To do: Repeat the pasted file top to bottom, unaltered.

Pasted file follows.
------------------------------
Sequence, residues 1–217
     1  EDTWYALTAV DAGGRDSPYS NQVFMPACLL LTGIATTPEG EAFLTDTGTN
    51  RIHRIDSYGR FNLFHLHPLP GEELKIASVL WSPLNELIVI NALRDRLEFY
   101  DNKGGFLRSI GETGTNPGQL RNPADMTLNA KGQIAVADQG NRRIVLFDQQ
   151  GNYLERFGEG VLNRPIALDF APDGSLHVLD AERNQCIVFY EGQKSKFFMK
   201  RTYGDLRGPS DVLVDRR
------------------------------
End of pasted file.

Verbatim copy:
Sequence, residues 1–217
     1  EDTWYALTAV DAGGRDSPYS NQVFMPACLL LTGIATTPEG EAFLTDTGTN
    51  RIHRIDSYGR FNLFHLHPLP GEELKIASVL WSPLNELIVI NALRDRLEFY
   101  DNKGGFLRSI GETGTNPGQL RNPADMTLNA KGQIAVADQG NRRIVLFDQQ
   151  GNYLERFGEG VLNRPIALDF APDGSLHVLD AERNQCIVFY EGQKSKFFMK
   201  RTYGDLRGPS DVLVDRR